Active objects, passive dramas: How may design re-appropriate tools from the art of dramaturgy in the service of developing more meaningful products?

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Authors
Gargiulo, David
Author ORCID Profiles (clickable)
Degree
Master of Design
Grantor
Unitec Institute of Technology
Date
2008
Supervisors
de Groot, Cristiaan
Ilgenfritz, Pedro
Type
Masters Dissertation
Ngā Upoko Tukutuku (Māori subject headings)
Keyword
product design
dramaturgy
ANZSRC Field of Research Code (2020)
Citation
Gargiulo, D. (2008). Active objects, passive dramas: How may design re-appropriate tools from the art of dramaturgy in the service of developing more meaningful products?. Unpublished thesis submitted in partial fulfillment of the degree of Master of Design, Unitec New Zealand, New Zealand.
Abstract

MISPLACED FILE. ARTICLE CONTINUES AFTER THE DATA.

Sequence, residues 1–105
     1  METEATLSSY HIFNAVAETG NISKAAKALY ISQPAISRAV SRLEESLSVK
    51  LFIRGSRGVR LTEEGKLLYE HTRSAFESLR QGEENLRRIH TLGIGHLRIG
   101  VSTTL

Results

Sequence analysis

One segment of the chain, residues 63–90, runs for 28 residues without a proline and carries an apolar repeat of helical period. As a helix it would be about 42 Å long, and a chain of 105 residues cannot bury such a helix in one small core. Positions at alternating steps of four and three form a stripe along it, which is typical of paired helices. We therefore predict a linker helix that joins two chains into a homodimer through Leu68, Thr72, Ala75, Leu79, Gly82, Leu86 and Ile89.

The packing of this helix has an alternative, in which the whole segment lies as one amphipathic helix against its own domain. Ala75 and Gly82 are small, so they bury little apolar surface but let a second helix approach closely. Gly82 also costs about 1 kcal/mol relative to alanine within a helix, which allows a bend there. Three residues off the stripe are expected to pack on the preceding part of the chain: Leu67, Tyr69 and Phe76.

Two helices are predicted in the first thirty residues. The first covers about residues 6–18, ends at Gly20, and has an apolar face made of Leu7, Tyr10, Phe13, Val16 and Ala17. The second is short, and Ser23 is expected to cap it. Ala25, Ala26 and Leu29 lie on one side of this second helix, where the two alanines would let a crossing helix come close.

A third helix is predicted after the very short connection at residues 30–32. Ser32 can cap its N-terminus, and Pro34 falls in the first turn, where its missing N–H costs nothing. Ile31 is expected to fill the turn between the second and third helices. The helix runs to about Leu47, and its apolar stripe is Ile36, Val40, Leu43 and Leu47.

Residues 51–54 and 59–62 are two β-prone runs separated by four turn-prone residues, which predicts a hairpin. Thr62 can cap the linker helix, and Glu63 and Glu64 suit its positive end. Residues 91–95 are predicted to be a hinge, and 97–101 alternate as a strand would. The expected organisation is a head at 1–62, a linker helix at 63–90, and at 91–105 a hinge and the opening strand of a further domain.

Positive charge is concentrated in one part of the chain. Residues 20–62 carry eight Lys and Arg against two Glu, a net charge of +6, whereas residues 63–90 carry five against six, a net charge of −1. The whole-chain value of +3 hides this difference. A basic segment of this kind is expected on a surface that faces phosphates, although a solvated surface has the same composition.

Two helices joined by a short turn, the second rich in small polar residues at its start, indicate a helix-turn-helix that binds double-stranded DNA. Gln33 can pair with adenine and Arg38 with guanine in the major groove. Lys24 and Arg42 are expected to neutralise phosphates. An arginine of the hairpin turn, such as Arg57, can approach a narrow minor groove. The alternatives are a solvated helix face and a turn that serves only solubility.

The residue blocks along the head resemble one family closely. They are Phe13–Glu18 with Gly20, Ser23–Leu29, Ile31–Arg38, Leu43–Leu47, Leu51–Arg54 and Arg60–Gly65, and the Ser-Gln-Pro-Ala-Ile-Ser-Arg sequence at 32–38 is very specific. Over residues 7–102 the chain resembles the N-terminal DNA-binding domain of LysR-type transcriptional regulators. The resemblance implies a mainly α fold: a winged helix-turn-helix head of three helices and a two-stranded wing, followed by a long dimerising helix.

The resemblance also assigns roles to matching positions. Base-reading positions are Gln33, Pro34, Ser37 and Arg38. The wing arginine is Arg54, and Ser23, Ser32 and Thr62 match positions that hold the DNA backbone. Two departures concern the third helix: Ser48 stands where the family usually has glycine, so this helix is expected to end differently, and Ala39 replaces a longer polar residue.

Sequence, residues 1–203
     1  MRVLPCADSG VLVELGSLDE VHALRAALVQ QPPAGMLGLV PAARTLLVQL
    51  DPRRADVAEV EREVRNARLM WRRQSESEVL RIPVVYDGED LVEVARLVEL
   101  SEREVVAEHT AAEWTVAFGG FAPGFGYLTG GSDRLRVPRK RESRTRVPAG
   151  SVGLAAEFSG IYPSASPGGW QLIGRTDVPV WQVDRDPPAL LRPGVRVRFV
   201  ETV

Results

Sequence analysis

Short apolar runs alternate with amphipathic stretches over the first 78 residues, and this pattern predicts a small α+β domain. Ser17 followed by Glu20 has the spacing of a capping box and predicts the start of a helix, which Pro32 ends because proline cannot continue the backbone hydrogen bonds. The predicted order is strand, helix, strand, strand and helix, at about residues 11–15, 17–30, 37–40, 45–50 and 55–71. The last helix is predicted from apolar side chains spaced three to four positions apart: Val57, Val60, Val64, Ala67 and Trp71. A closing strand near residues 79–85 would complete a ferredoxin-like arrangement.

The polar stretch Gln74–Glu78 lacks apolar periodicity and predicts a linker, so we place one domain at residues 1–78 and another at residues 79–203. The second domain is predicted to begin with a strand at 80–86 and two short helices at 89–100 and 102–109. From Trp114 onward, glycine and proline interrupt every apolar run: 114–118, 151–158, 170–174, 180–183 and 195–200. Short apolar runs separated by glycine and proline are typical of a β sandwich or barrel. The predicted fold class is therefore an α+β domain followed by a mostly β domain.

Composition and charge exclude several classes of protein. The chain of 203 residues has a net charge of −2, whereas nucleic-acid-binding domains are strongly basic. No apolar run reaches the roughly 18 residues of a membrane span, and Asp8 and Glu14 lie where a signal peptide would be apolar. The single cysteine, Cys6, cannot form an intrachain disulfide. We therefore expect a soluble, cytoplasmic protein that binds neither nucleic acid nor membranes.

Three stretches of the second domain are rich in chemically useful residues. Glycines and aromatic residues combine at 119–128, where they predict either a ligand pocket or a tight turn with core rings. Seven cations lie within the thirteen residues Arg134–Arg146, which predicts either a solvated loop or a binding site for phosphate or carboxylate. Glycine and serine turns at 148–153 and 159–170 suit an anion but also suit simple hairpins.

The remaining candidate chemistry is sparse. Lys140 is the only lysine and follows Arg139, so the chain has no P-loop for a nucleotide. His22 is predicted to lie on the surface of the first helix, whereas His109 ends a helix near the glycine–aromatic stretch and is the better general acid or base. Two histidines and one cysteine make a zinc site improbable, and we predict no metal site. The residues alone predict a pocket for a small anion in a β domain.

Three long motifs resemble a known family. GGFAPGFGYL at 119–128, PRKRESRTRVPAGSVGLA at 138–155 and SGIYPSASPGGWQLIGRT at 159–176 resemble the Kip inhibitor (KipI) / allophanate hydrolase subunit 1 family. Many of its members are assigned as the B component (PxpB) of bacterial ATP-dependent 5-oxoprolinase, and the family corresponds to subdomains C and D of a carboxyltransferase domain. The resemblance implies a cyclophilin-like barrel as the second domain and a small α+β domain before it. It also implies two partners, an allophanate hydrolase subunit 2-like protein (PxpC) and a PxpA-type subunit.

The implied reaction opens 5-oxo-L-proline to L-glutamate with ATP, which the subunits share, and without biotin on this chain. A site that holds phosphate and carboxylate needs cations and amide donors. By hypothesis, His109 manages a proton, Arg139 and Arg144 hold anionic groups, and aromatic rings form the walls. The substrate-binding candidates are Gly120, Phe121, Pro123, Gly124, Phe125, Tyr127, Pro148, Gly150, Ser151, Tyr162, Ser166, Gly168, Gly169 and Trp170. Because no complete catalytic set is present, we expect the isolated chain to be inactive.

Looking to develop my professional design practice in the field of product design, I pursued this research project in order to further my product development skills and gain further understanding of design theories and research techniques. As a designer my interests are orientated toward the social and cultural affects of products. It was important for me to pursue a project that would allow me to explore new theoretical frameworks useful in generating design strategies for future design practice. Inspired by the ‘fizz moments’ that some products create, such as the cracking of a coke can or the pop of the wine cork, I searched for ways that the most banal objects when re-designed can potentially develop meaningful dimensions in the everyday. With these concepts in mind, I was inspired to direct my research toward exploring the role of product experiences, and how product design could potentially contribute to the development of meaningful everyday experiences. Embracing designs often overlooked ability to compose and orchestrate human behavior; the research question will investigate strategies to bring about new textures to everyday experiences. Searching beyond traditional product design frameworks the project turns to the potential of theatre in the service of designing meaningful products. These techniques will assist in the construction of a linear design process that could potentially shift a design direction from functional and aesthetically driven products, to objects which play more potent roles in contributing to human experiences. The project aims to deliver conceptual and prototyped products that evaluate and illuminate strategies for orchestrating more textured user experiences.
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